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Where have all the bees gone?

By   /  March 27, 2013  /  Comments Off on Where have all the bees gone?

Pesticides called neonicotinoids became popular among farmers during the 1990s. They’re called neonics and they coat the seeds of many agricultural crops, including the biggest crop of all: corn. Farmers have used them because they protect those crops from insect pests. But they may also be killing bees.

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Photo by Jon Sullivan

This blog post describes some of the unintended consequences of treating seeds with pesticides. The minute coating on seeds seems to have a much larger effect than intended.  Researchers are examining the impacts of treating seeds with neonicotinoids, or neonics. Meanwhile, environmentalists are pressing the EPA to move for an outright ban.
Can farmers and suppliers self regulate to protect bees? Should the EPA step in? Listen to the post, and let us know what you think.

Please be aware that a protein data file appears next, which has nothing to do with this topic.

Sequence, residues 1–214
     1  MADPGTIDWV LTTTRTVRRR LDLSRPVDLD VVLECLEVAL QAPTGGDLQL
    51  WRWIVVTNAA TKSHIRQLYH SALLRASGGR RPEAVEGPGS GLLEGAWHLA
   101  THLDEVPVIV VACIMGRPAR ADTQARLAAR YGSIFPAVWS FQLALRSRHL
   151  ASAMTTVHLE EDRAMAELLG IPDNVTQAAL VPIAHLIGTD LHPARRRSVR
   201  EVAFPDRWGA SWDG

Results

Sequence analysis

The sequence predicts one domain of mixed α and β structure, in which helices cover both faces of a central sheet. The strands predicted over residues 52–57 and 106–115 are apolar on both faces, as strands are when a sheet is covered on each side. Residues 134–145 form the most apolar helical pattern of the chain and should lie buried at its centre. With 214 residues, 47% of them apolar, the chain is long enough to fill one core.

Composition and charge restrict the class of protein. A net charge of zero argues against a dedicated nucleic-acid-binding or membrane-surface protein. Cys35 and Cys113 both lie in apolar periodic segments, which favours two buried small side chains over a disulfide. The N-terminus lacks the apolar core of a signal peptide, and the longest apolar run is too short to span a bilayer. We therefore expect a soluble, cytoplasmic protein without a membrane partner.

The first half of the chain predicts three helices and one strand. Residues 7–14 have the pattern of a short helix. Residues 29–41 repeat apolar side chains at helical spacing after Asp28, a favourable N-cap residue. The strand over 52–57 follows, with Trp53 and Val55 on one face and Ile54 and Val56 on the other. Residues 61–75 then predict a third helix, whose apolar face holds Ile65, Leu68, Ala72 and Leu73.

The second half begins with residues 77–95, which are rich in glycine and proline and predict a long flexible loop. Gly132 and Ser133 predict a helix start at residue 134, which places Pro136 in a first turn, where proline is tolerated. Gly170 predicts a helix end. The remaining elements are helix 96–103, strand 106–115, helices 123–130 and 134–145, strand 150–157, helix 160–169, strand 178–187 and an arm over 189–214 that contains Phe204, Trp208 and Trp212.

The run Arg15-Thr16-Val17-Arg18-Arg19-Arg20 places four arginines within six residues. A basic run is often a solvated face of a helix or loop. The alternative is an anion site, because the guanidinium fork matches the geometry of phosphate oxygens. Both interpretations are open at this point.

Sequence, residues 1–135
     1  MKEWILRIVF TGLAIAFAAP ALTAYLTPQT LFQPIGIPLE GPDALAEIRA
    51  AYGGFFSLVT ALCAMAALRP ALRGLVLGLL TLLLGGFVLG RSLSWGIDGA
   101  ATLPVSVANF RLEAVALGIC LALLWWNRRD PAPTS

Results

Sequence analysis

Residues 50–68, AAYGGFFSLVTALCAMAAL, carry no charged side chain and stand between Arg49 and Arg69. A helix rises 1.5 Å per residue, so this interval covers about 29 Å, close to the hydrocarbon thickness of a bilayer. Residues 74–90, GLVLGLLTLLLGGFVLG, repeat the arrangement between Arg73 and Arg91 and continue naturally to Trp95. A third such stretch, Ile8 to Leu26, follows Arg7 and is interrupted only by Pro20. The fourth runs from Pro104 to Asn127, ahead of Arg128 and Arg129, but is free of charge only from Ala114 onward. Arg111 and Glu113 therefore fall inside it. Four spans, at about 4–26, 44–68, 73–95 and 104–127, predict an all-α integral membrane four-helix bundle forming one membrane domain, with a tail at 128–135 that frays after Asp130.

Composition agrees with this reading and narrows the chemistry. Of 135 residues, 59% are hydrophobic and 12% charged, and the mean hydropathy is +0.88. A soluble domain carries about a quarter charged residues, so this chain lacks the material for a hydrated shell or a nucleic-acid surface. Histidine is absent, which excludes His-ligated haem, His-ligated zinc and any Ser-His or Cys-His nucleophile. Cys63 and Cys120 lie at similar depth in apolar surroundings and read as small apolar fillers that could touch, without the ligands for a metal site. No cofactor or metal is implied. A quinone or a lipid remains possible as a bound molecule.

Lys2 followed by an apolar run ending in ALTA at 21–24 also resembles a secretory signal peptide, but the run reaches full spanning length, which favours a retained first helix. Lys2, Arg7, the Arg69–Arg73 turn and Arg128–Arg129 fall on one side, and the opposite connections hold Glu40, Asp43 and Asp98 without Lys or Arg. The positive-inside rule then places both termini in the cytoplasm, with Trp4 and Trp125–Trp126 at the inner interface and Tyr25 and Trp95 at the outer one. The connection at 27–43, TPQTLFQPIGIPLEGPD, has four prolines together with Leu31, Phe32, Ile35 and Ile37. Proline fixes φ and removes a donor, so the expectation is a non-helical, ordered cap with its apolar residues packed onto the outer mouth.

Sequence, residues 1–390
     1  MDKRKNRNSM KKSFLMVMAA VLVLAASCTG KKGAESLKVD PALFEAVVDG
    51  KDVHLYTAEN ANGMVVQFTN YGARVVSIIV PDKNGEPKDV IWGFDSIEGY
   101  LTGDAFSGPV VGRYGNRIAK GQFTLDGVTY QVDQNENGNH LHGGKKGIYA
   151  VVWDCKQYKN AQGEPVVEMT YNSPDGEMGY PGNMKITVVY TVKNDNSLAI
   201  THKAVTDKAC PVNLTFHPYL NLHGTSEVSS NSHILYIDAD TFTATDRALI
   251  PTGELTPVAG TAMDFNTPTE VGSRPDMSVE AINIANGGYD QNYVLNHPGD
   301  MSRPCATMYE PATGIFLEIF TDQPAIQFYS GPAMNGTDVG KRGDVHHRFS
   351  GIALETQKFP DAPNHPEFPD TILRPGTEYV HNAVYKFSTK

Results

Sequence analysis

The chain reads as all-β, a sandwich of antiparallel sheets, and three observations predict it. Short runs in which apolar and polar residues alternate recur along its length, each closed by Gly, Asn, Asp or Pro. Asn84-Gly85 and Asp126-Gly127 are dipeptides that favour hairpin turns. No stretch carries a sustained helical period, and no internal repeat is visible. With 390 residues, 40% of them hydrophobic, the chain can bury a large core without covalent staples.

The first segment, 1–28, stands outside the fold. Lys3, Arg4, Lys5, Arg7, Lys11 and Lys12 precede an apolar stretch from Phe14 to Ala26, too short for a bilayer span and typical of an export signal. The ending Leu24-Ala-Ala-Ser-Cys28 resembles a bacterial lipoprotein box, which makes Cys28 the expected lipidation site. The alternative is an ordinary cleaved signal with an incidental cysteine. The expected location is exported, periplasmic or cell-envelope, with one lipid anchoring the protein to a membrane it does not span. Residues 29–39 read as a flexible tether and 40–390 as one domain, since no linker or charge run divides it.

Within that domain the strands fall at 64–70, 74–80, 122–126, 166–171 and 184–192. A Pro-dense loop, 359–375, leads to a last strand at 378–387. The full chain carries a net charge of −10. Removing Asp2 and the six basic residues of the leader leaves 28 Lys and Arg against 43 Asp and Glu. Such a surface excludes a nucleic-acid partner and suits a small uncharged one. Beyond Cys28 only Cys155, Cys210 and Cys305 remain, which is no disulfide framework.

Dan Charles has this story http://www.npr.org/blogs/thesalt/2013/03/25/175278607/are-agricultures-most-popular-insecticides-killing-our-bees

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About the author

Author and editor emeritus

Rachel's interest in sustainable agriculture and grazing has deep roots in the soil. She's been following that passion around the world, working on an ancient Nabatean farm in the Negev, and with farmers in West Africa's Niger. After returning to the US, Rachel received her M.S. and Ph.D. in agronomy and soil science from the University of Maryland. For her doctoral research, Rachel spent 3 years working with Maryland dairy farmers using management intensive grazing. She then began her work with grass farmers, a source of joy and a journey of discovery.

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